W.Va.C.S.R. § 85–20–12.4 can be distilled into a three-step process. First, a claimant's treating physician is to refer the claimant to a psychiatrist. The second step is for the psychiatrist to examine the claimant and make a detailed report consistent with the procedure described in section 12.4. The third step is for the claims administrator to review the psychiatrist's report and determine whether the psychiatric condition should be added as a compensable injury of the claim.
The three-step process in section 12.4 is inconsistent with section 12.5(a), which states that the initial psychiatric evaluation must be authorized by the claims administrator. Section 12.5(a) does not set forth any criteria a claims administrator should use to determine whether an initial psychiatric consultation should be approved. Unlike the three-step process in section 12.4, which utilizes expert medical and psychiatric professionals who make their determinations after directly examining a claimant, section 12 .5(a) requires the claims administrator to make a psychiatric treatment decision without having a medical report from the treating physician or a psychiatric report from a psychiatrist who has seen the claimant. Instead, 12.5(a) requires the claims administrator to make this determination based only on a request from the claimant.5
This Court has held that “[p]rocedures and rules properly promulgated by an administrative agency with authority to enforce a law will be upheld so long as they are reasonable and do not enlarge, amend or repeal substantive rights created by statute.” Syllabus Point 4, State ex rel. Callaghan v. W.Va. Civil Serv. Comm'n, 166 W.Va. 117, 273 S.E.2d 72 (1980). We find that W.Va.C.S.R. § 85–20–12.5(a) is not a “reasonable” rule because it requires a claims administrator to make a psychiatric treatment decision without having the benefit of expert medical and psychiatric opinions on which to base this treatment decision. Because a claims administrator can deny psychiatric treatment before a claimant has the opportunity to see a psychiatric professional, we find that W.Va.C.S.R. § 85–20–12.5(a) does not comport with the express legislative intent set forth in the workers' compensation statutory law-it does not fulfill the Legislature's goal of compensating injured workers for injuries they have sustained “in the course of and resulting from their ․ employment.” W.Va.Code § 23–4–1(a).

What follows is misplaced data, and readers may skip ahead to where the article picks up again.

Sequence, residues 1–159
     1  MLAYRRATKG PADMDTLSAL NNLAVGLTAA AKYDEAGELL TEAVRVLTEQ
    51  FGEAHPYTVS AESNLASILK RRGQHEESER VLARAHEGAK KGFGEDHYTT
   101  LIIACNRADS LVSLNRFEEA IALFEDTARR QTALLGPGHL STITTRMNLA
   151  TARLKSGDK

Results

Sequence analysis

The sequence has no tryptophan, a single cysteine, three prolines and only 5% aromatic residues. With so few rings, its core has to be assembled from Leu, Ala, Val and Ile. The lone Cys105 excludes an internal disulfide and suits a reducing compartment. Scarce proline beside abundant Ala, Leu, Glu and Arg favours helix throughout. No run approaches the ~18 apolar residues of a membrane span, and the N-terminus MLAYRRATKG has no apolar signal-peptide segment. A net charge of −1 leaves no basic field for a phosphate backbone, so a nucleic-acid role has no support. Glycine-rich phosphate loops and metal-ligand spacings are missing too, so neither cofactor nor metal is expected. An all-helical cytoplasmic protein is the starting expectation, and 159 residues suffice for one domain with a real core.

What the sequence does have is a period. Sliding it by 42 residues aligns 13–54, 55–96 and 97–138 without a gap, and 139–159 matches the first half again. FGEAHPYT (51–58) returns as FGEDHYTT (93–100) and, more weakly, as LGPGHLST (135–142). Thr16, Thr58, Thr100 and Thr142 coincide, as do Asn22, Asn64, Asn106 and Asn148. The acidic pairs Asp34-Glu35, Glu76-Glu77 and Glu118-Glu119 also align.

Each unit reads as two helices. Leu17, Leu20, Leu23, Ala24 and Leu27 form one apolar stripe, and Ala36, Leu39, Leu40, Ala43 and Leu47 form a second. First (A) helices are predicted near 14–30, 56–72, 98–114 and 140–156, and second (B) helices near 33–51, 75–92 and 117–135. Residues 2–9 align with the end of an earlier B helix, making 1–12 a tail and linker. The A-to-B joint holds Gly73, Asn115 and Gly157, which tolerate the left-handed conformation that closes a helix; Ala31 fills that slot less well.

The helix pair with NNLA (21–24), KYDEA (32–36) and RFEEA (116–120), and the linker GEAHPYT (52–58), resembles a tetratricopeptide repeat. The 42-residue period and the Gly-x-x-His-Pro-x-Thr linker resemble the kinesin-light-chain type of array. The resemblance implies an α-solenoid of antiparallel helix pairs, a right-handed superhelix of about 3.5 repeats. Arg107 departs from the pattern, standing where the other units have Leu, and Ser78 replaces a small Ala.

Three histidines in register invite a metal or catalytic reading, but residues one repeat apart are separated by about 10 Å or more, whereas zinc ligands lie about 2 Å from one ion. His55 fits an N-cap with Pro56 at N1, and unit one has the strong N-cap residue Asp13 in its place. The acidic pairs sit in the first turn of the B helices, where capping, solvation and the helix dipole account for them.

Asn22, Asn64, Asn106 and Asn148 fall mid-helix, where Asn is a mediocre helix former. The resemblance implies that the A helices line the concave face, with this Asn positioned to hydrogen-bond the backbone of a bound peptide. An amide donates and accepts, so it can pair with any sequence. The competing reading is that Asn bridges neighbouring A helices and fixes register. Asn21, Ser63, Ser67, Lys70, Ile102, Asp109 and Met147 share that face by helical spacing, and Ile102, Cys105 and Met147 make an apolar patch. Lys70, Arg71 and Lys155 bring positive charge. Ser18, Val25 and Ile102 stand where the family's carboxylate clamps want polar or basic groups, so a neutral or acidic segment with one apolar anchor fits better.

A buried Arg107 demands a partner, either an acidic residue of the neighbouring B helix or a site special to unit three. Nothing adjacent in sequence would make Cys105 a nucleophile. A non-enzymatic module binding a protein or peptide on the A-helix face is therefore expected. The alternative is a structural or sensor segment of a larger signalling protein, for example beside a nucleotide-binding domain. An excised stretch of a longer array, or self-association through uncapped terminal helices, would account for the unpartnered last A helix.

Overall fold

As opposed to section 12.5(a), W.Va.C.S.R. § 85–20–9.10(g) is consistent with the three-step process contained in section 12.4 and with the Legislature's goal of compensating workers for injuries sustained in the course of their employment. W.Va.C.S.R. § 85–20–9.10(g) exempts a claimant from getting prior authorization from the claims administrator before seeking an initial psychiatric consultation. This exemption stated in section 9.10(g) is consistent with section 12.4, which requires a claimant's treating physician, not the claims administrator, to make the referral for an initial psychiatric consultation.
The policy reasons underlying sections 9.10(g) and 12.4 are compelling. A treating physician has the opportunity to personally treat and observe a claimant and can therefore make an informed decision on whether a referral for an initial psychiatric consultation is warranted. Sections 9.10(g) and 12.4 also promote expedited treatment for a claimant experiencing psychiatric problems because the treating physician can make an immediate referral to a psychiatrist, whereas under section 12.5(a), a claimant must apply to the claims administrator and wait for the request to be processed and ruled upon before the three-step process outlined in 12.4 can begin.
Based on all of the foregoing, we hold that W.Va.C.S.R. § 85–20–12.5(a)  is an invalid administrative rule because it is in direct conflict with W.Va.C.S.R. § 85–20–9.10(g)  and W.Va.Code § 23–4–1(a), and because it requires the claims administrator to make a psychiatric treatment decision without having the benefit of an expert psychiatric report, as required by W.Va.C.S.R. § 85–20–12.4 . We also hold that W.Va.C.S.R . § 85–20–12.4  sets forth the following three-step process that must be followed when a claimant is seeking to add a psychiatric disorder as a compensable injury in his/her workers' compensation claim: (1) the claimant's treating physician refers the claimant to a psychiatrist for an initial consultation; (2) following the initial psychiatric consultation, the psychiatrist is to make a detailed report consistent with the procedure described in W.Va.C.S.R. § 85–20–12.4 ; and (3) the claims administrator, aided by the psychiatrist's report, is to determine whether the psychiatric condition should be added as a compensable injury in the claim.